Customer service tools are designed to increase the efficiency of how your brand communicates with your customers. Whether that’s through self-help or communications automation, your end goal is to use those tools to provide an exceptional and personalized customer experience.
What Are Customer Service Software?
Customer service software are platforms that allow customers to interact with a company, and they really cover a large variety of channels. Software that helps you manage a knowledge base, live chat, social media, conversational marketing, tickets, screencasting, billing, video, email and feedback surveys would all be considered part of your customer service tech stack.
With there being so many options for customer service software out there, it’s important to tailor your tech stack to how you do business. Match the tools you use to the preferences of your customers while taking into account how their behavior shifts over the customer journey.
For example, live chat, basic tutorial videos and the ability to speak directly with your team are great avenues to provide information about your product, but they aren't always the right tools to help existing clients who might be better served by a knowledge base. As customers familiarize themselves with your product or service, their needs and ideal methods of obtaining information will often change.
How to Choose the Best Customer Service Software for Your Business
Most companies find that as they grow and expand their services, the options for the support tools available to help them increase as well.
Ultimately, determining whether or not you should adopt a tool for your company comes down to a rough cost-benefit analysis. While you likely won’t be able to perfectly calculate what the costs and benefits are, by doing that analysis you’ll be forced to think about what all the various inputs are and how they relate to the ROI you’re seeing from that software.
Considerations For Evaluating a Customer Service Software
Does your company growth align with the product roadmap? Will this tool support your growth, or will you need to switch to another solution once you reach a certain size?
What protections are in place around the data of you and your customers? Do you have the ability to limit users’ access to only the data they need to do their job?
Does the cost of the tool work with your budget and scale with you as you grow? Will you see ROI from the tool? What is the lifetime value of the software?
Analytics and reporting
Does the robustness of the tools’ analytics features match your company’s needs? This will vary from software to software depending on how it’s used. For example, for a knowledge base tool you might want to see what the most searched questions are and how articles are engaged with. Meanwhile, for a feedback surveys tool, you’d want to be able to analyze the survey results.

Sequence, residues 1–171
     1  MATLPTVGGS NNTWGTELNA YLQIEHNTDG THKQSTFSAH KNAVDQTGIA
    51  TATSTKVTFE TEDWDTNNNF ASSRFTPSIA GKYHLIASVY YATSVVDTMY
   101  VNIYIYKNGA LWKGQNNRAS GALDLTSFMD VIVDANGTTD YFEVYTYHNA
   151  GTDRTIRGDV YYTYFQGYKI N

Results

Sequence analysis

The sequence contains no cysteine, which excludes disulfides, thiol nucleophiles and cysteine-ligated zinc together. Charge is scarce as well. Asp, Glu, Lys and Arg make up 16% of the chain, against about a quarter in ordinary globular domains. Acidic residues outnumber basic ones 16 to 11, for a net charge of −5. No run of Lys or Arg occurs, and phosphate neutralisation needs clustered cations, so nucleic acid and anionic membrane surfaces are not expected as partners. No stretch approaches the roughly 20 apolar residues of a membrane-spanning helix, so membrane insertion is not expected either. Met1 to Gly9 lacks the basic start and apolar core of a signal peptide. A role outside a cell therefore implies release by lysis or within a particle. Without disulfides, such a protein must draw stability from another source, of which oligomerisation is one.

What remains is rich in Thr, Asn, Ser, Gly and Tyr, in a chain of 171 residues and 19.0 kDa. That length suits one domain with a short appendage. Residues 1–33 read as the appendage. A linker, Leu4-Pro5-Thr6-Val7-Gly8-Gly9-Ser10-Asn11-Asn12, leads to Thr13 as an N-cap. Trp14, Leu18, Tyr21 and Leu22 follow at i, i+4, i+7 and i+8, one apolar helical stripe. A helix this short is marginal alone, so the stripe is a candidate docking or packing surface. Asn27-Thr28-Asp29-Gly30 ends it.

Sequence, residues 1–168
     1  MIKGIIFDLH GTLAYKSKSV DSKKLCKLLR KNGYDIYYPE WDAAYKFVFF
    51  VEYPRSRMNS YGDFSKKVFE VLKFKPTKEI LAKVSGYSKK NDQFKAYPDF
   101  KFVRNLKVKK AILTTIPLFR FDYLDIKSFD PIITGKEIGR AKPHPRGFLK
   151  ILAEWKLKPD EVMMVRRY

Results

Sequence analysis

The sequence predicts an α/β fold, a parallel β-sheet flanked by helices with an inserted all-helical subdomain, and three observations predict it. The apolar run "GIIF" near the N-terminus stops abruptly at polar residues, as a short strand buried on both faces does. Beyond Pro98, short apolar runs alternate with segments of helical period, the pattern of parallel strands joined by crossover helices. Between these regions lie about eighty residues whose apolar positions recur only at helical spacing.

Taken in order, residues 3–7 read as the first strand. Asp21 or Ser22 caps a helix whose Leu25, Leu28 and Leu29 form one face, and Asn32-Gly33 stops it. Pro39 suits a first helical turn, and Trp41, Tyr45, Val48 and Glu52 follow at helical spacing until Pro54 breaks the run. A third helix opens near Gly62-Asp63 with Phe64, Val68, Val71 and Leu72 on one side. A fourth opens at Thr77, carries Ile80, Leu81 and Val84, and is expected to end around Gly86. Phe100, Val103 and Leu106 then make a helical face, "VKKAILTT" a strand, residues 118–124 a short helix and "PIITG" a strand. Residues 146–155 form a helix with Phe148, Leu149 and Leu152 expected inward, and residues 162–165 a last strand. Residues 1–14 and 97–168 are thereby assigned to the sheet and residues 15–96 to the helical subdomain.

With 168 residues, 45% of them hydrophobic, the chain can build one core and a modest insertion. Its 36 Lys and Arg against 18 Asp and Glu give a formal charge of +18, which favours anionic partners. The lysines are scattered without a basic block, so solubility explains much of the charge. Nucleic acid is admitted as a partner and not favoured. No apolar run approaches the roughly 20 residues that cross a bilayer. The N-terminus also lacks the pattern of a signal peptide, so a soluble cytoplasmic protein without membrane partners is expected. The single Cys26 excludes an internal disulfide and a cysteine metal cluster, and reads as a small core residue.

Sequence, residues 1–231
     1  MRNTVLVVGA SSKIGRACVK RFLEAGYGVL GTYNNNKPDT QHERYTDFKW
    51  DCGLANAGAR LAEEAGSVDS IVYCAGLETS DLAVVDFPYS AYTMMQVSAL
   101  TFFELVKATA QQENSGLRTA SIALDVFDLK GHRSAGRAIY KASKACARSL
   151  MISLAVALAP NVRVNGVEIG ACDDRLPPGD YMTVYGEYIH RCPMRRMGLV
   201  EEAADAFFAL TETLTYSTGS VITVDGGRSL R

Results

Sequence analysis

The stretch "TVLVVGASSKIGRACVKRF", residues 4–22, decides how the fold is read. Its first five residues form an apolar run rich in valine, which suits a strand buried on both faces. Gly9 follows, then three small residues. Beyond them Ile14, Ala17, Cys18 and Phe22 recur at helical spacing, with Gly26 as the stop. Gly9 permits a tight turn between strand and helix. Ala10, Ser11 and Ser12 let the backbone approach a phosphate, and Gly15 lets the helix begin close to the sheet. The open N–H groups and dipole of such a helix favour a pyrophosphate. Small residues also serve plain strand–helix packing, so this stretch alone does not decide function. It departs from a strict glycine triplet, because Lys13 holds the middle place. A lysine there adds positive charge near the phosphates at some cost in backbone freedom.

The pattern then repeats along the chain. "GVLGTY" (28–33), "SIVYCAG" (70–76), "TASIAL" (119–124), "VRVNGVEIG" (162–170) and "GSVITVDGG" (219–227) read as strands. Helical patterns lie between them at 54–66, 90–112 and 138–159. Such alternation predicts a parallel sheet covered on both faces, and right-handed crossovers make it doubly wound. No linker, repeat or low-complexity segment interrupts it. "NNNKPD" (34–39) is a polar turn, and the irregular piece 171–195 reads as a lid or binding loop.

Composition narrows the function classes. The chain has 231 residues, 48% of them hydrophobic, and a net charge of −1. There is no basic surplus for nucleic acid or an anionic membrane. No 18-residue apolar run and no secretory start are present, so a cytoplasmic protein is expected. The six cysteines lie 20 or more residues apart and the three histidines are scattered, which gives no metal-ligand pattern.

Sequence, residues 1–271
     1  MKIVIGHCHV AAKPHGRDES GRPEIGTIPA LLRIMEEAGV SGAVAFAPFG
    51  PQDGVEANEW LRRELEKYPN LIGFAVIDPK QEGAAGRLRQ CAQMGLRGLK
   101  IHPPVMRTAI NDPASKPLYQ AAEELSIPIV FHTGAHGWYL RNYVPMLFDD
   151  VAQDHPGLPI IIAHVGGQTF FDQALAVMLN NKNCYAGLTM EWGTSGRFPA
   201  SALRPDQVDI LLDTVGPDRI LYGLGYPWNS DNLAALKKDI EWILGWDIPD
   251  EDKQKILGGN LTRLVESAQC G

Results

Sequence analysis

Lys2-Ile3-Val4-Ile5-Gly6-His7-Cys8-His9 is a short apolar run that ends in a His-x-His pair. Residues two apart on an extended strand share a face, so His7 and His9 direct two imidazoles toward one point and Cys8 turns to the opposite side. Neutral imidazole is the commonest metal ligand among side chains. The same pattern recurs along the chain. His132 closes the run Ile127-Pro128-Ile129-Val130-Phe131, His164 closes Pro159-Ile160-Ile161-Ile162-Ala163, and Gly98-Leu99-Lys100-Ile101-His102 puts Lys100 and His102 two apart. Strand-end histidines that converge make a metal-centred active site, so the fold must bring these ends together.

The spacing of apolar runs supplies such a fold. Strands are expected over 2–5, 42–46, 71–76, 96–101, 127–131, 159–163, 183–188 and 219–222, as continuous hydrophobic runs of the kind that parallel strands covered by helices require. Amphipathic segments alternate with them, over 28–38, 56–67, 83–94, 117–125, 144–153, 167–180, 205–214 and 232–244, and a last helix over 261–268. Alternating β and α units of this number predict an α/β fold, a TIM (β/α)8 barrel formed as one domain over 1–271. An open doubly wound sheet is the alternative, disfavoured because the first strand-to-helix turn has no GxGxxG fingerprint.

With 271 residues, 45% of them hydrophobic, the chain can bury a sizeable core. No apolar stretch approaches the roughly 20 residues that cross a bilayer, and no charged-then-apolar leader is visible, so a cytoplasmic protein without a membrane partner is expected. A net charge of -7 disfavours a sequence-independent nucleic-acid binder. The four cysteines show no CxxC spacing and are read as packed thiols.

Does the software have a mobile version? If so, does the mobile version fit with the day-to-day habits of users? While this might not be a necessity for every customer service tool, customer communications can happen around the clock, so it’s important for your team to be able to respond on the go.
Usability and UI
Is it easy to use the software for its intended purpose? Is the tool intuitive or does it require training in order to be leveraged optimally?
When analyzing ease of use, consider the perspectives of both your team members and your customers. Even if the tool is easy to manage from an internal standpoint, it also has to be a great experience from a customer standpoint in order to serve its purpose.
How well does this tool integrate with your other tools and are you unnecessarily buying a single-function tool when other solutions combine multiple features into a single platform?
It’s best to streamline your stack whenever possible; however, there’s not always a tool available that does everything you want. If you can’t consolidate, look for tools with an open API or pre-existing integrations with other parts of your tech stack, like your CRM.
When you’re considering integration potential, don’t just look at the tools you have right now but also the tools you’ll expect to have in the future.
Onboarding and change management
How long will it take to onboard your team members and customers onto the tool? Will it require major process adjustments and pose change management challenges? How will you encourage adoption?
Customer service tools ultimately increase the efficiency of how your company and brand can interact with your customer, regardless of which channel you do it through.
Customer service tools facilitate the relationship customers have with your company and brand, so it’s important to get your messaging right. With so many considerations that go into choosing the right tools, building a customer service tech stack is no easy feat. Your customer service software can be the bridge between your company and prospects and clients alike. Ensuring that each piece plays its intended role just right is critical to a good experience on both sides.
Guido is the Manager of Acquisition and Strategy at New Breed.